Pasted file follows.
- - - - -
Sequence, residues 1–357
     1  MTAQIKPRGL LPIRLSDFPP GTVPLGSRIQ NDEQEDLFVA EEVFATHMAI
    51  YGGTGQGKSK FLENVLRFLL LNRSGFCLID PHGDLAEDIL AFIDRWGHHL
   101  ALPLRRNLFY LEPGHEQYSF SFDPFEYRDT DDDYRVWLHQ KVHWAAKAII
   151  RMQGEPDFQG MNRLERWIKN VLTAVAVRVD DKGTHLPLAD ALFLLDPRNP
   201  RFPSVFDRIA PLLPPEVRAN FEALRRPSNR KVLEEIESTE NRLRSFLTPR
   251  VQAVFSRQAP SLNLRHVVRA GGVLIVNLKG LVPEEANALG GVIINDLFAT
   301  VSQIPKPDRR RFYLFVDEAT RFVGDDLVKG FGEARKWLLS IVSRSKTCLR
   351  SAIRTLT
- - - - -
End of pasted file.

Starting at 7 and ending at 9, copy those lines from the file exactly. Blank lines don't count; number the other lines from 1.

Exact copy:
   251  VQAVFSRQAP SLNLRHVVRA GGVLIVNLKG LVPEEANALG GVIINDLFAT
   301  VSQIPKPDRR RFYLFVDEAT RFVGDDLVKG FGEARKWLLS IVSRSKTCLR
   351  SAIRTLT